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January 1917

THE EXCRETION OF SODIUM CHLORID SOLUTION INJECTED SUBCUTANEOUSLY

Author Affiliations

NEW YORK
From the Laboratories of the Babies' Hospital and the Rockefeller Institute for Medical Research, New York.

Am J Dis Child. 1917;13(1):73-88. doi:10.1001/archpedi.1917.01910010082006
Abstract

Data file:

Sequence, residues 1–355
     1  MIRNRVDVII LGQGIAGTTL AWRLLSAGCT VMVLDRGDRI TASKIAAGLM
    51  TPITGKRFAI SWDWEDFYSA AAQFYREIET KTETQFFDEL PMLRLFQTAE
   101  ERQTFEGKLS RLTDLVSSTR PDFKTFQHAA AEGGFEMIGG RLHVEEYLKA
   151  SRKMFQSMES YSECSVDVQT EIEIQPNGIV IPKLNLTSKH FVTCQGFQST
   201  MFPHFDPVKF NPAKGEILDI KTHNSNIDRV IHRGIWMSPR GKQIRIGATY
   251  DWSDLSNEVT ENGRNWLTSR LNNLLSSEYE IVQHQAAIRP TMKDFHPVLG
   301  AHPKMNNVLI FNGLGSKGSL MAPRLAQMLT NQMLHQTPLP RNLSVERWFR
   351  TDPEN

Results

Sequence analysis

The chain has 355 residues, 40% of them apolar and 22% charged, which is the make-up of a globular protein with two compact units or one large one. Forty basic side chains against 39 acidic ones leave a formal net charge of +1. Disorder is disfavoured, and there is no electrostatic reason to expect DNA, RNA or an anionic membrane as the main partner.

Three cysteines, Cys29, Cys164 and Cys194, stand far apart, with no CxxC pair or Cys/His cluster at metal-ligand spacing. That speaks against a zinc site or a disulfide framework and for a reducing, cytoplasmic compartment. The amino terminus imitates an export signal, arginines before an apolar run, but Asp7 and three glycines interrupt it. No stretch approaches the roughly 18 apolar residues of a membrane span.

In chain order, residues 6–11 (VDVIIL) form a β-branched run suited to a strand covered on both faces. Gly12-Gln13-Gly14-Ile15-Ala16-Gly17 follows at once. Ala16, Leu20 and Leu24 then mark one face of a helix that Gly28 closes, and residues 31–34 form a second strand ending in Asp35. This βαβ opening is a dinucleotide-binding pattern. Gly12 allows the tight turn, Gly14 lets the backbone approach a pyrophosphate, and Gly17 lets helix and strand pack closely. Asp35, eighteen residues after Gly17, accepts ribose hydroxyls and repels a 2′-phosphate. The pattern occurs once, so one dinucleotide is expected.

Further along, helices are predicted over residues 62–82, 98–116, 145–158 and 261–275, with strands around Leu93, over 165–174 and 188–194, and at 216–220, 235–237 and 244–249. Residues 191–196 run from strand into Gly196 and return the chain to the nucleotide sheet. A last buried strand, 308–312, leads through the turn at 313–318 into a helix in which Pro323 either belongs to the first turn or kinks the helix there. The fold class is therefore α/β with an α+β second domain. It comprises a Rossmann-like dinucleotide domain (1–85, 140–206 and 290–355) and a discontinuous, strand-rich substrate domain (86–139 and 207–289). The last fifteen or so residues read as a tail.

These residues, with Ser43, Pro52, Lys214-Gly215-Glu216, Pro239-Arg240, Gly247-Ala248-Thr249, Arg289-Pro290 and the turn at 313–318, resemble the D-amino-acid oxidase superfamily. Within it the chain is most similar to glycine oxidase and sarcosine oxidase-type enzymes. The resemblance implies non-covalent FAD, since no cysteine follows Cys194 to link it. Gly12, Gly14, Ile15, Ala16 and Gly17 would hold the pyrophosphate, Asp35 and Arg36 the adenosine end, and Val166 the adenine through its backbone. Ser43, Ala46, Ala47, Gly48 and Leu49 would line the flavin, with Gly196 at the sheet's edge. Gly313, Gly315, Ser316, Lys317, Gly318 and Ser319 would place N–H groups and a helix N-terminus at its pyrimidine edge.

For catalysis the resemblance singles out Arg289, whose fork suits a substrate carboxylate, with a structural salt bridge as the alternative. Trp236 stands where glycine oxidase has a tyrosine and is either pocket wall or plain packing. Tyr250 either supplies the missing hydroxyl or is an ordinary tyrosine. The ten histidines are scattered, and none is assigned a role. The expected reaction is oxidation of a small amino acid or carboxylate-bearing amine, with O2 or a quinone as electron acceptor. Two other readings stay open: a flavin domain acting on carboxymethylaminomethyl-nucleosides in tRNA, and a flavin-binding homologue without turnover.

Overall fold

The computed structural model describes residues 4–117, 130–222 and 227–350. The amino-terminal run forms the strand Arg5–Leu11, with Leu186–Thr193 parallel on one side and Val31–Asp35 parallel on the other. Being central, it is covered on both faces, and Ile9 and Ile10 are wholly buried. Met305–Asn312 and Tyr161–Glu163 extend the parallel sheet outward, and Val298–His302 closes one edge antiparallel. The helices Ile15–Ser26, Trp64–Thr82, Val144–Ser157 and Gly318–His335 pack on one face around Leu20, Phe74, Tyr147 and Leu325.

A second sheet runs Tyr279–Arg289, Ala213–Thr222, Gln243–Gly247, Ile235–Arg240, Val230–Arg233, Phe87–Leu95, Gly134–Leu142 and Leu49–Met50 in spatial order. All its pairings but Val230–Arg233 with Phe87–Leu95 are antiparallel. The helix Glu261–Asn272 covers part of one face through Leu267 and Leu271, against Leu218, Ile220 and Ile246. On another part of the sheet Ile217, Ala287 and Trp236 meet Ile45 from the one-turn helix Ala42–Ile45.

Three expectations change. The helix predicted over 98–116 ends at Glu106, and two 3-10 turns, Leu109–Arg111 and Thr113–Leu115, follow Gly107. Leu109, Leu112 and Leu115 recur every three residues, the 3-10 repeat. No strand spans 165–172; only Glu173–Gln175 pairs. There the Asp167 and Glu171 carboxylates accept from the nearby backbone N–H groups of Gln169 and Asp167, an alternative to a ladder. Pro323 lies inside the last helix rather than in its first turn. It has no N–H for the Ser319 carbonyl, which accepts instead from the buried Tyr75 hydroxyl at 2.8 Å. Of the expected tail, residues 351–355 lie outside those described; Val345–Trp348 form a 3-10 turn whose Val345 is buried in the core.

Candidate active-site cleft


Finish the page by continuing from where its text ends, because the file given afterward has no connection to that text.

Hypodermoclysis as a means of replacing the loss of fluid which occurs in severe diarrhea, protracted vomiting or as a result of hemorrhage has been employed for a number of years with an increasing appreciation of its value in these conditions. Our studies of diarrheal stools showed great loss of salts, especially the more soluble ones, sustained in these intestinal conditions. It seemed to us, therefore, that benefit should result from the restitution not only of the water lost, but also of some of the salts themselves. The nature of the variations in weight after hypodermoclysis suggested that these were due to something more than simply a retention of the water injected. Moreover, in view of the necessity in many cases of repeating the injections, it was desirable to know exactly what the salt retention was. The observations which are included in this paper were undertaken to determine if any

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